On Tuesday, Hyundai Motor and Kia Motors indicated a 4% sales growth right when the new year started and believes that their slow recovery was linked to their lack of SUV sales in the U.S. as well as tensions with China. Based in South Korea, the two car manufacturers expected demand to slow down in the U.S. and Chinese markets following a predicted sales target from 7.25 million cars last year, to 7.55 million cars this year. Since 2016, sales fell 7% and was short of a target of 8.25 million vehicles which marks their third consecutive annual miss. As buyers in the U.S. and China prefer SUVs over sedans, Hyundai shares reported a drop of 4.2% while Kia shares fell 2.1% lower.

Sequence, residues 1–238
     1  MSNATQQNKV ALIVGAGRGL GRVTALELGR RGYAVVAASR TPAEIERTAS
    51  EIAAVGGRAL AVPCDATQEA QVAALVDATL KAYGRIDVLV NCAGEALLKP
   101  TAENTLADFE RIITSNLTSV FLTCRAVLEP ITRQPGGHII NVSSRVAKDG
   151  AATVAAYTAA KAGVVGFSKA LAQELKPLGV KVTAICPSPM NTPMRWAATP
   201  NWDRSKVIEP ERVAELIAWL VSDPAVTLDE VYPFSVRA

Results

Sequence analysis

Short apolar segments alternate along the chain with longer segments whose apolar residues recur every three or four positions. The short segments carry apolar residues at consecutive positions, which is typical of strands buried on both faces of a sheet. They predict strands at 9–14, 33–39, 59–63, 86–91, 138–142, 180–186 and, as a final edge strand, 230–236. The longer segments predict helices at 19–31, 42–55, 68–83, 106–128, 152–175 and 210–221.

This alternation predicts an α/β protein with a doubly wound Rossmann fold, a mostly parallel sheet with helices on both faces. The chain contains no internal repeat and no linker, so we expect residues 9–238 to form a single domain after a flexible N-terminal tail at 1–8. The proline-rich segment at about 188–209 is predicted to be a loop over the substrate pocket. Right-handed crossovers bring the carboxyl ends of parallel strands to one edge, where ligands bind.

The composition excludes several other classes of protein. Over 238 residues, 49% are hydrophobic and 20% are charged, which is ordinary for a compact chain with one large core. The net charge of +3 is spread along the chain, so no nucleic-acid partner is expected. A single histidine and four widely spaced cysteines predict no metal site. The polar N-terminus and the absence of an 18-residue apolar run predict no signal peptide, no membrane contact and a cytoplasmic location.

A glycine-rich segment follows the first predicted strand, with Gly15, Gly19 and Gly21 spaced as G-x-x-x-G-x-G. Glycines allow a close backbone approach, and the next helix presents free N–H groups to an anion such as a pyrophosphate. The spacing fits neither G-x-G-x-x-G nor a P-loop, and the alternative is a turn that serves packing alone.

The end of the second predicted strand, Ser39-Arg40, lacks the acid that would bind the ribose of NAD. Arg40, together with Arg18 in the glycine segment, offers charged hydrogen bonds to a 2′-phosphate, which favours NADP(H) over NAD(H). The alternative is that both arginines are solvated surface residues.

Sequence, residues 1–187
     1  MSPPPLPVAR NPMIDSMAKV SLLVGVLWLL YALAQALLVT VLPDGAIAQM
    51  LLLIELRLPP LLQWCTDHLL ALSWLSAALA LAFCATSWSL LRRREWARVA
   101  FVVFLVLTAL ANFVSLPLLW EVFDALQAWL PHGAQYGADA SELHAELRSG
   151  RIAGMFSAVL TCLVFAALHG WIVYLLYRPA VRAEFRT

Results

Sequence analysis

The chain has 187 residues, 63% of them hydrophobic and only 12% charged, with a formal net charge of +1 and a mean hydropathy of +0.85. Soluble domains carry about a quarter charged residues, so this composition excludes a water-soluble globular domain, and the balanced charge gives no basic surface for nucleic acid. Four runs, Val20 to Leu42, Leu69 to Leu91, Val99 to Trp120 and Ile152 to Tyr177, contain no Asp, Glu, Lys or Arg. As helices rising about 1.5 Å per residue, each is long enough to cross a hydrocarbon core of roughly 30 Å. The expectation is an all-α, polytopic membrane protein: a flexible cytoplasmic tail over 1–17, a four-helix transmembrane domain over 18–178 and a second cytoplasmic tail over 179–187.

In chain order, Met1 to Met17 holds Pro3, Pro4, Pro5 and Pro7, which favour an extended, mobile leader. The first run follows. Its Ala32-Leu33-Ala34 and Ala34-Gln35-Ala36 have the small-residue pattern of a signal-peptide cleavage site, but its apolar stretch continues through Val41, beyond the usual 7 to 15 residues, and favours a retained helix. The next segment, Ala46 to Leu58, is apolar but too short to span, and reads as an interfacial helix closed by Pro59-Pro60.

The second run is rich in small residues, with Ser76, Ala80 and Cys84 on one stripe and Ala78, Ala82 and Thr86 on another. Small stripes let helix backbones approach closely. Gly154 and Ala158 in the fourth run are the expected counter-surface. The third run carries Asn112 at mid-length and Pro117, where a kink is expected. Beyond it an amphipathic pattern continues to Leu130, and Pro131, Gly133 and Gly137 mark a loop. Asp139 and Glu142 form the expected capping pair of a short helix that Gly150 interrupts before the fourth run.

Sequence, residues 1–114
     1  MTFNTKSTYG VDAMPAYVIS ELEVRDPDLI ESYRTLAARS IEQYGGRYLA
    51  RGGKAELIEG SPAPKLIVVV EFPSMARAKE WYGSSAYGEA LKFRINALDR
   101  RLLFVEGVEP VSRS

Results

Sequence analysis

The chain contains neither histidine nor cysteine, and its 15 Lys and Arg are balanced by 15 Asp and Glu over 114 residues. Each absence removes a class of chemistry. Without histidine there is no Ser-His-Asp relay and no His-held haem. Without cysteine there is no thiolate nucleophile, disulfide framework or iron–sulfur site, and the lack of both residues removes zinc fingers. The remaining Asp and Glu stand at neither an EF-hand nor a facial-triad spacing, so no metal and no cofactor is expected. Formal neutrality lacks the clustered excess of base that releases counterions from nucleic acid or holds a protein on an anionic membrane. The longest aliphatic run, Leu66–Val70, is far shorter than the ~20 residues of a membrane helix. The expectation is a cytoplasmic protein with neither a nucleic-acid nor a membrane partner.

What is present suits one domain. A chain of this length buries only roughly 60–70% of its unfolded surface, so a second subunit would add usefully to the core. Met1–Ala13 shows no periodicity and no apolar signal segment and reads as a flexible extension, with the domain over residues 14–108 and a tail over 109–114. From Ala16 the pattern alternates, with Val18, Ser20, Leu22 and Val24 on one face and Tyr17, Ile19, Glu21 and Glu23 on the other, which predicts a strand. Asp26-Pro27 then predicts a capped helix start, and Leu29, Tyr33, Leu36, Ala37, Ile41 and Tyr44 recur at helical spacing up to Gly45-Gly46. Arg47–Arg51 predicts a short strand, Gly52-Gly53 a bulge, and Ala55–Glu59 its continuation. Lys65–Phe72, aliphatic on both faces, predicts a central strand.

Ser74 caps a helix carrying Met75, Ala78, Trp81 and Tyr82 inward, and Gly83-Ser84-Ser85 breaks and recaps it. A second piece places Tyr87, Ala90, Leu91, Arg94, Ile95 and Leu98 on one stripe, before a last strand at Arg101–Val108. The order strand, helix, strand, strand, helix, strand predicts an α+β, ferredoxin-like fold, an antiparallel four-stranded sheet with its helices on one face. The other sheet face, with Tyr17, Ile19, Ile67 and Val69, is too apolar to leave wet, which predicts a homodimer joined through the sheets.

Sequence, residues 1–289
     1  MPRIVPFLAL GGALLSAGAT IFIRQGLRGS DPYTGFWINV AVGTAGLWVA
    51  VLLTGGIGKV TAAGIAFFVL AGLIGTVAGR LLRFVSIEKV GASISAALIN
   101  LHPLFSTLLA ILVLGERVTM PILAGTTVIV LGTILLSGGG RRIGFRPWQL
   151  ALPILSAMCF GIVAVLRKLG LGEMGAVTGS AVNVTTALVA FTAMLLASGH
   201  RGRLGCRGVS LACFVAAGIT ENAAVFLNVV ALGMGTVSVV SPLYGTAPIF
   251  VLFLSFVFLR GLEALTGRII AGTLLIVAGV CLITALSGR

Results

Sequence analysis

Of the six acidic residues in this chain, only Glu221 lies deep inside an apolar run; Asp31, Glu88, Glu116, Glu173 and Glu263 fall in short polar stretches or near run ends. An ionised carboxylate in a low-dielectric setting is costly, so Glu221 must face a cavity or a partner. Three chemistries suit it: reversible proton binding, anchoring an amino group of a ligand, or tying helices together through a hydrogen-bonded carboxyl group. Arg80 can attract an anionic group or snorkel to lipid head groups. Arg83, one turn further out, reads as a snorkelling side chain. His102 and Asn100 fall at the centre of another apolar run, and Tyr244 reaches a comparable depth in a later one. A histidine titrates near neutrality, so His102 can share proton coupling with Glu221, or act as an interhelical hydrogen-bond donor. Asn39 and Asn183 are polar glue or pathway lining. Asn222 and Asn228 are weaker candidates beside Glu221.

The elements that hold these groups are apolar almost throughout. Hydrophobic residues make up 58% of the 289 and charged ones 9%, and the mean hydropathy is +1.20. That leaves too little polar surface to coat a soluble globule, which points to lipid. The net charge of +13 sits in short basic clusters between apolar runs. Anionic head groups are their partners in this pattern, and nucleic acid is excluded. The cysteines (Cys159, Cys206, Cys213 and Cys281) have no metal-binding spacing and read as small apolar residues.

On Tuesday, the Korean won strengthened to a more than 3 year high against the U.S. dollar which threatens the competitiveness of South Korean exporters as Japanese rivals benefit from the weakening yen. Hyundai’s sedan sales in China are expected to drop due to the future expiration of a tax cut on small engine vehicles. The company plans to offer and sell more SUVs in the U.S. and China this year as they look into remodeling and redesigning of some models.
“The market environment is expected to be difficult due to a slowdown in major markets like the U.S. and China, prolonged low growth in the global economy and trade protectionism in major countries,” Hyundai Motor said in a statement.